Catgirl1964, Lalad and drek like this.
  12. thekillers1

    thekillers1 Lead commenter

    More people = more funding needed.

    More support from experts = more funding.
     
    Catgirl1964 and Lalad like this.
  13. Mrsmumbles

    Mrsmumbles Star commenter

    Isn’t it amazing what their Special Advisors come up with at lunchtime?
     
    JohnJCazorla and thekillers1 like this.
  14. Mrsmumbles

    Mrsmumbles Star commenter

    Not like the other shows, well worth a watch. It wa slime the last jigsaw piece slotting into place for me. Not exactly a fun experience, but the best free INSET we’ll ever get!
     
    thekillers1 likes this.
  15. Lalex123

    Lalex123 Senior commenter

    Surely the solution here is to pay for each local authority to have an ed psych and a counsellor to support students going through/have been through trauma?

    This won’t solve the issues but will ensure the child is supported and feels they can talk to someone who is dedicated to them as teachers are so busy and mostly untrained!
     
    Catgirl1964 and thekillers1 like this.
  16. thekillers1

    thekillers1 Lead commenter

    More people = more funding needed.

    More support from experts = more funding.
     
  17. Lalad

    Lalad Star commenter

    If, let's say, in your class, you have a child whose parent has just died, another child with multiple complex physical needs, a child whose parents are going through an extremely acrimonious divorce, several children who regularly miss school or come in half way through the morning, a child with anger management problems, a child with mental health issues and a child whose parent has just come out of prison, it doesn't matter how much advice you are given on improving the wellbeing, behaviour and attendance of children who witness domestic abuse at home, the reality is that all of these children are vulnerable and need your support.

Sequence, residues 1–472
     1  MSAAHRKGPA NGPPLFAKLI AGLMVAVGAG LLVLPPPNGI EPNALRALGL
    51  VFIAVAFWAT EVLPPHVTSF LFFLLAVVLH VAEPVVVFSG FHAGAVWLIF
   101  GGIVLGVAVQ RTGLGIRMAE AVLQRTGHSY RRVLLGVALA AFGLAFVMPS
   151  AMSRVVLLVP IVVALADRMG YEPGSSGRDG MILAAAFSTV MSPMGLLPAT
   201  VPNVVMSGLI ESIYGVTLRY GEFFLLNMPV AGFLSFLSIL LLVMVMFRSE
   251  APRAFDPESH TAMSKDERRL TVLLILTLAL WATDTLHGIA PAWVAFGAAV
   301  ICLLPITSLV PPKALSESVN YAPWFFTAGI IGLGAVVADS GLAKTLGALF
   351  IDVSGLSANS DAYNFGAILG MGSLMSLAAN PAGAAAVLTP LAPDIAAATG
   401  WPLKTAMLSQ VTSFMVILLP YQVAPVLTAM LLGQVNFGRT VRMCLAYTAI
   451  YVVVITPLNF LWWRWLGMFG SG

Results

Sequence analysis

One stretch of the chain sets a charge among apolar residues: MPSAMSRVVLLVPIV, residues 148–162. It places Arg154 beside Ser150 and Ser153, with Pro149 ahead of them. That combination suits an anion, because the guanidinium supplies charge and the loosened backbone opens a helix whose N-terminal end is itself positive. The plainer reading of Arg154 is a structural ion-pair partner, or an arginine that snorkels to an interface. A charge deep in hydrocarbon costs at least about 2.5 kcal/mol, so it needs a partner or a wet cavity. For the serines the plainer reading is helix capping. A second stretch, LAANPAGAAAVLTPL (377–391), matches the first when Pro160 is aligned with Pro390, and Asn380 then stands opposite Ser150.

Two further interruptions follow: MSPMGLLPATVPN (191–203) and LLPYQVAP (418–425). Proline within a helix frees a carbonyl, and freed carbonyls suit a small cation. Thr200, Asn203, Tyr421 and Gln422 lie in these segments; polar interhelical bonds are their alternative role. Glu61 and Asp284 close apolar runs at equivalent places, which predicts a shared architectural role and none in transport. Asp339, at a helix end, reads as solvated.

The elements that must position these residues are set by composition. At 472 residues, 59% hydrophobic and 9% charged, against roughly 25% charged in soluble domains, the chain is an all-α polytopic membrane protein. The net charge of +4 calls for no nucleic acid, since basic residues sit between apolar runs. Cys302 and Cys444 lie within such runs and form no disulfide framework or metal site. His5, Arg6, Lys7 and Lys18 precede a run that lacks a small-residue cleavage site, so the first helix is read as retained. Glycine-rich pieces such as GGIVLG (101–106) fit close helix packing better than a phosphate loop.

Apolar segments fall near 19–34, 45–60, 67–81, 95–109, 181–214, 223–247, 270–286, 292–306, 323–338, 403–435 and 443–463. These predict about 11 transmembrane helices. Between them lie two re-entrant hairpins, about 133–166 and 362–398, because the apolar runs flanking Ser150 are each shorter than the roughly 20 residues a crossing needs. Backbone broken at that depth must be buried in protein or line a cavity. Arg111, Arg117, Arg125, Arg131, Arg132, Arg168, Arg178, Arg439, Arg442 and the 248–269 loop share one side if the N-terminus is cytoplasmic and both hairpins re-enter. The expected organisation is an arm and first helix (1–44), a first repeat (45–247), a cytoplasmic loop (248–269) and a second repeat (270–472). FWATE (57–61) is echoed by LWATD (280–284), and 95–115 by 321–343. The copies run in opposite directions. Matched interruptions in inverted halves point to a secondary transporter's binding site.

Increasingly, teachers are being expected to take on the roles of parents, mentors, counsellors, psychiatrists, psychologists, doctors etc. on top of their role as educators, with no additional time or resources: it is short-sighted and patronising of the education secretary to suggest that teachers need advice on how to raise vulnerable children's achievement levels, without giving them the time and tools to try to achieve this.
     
  18. yodaami2

    yodaami2 Lead commenter

    Yeah, right, advice; looking forward to that one! ****** 'ell words fail me.
     
  19. Lalex123

    Lalex123 Senior commenter

    Exactly - that’s the only way we can improve vulnerable childrens’ education!
     
    lardylegs and thekillers1 like this.
  20. schoolsout4summer

    schoolsout4summer Star commenter

    The ONLY way to improve children's education, vulnerable or otherwise, is for politicians to stop using Education as a vehicle to further their career.
    Civil unrest is probably the only way that this would ever be achieved, in the present political climate.
     
    JohnJCazorla and thekillers1 like this.

Share This Page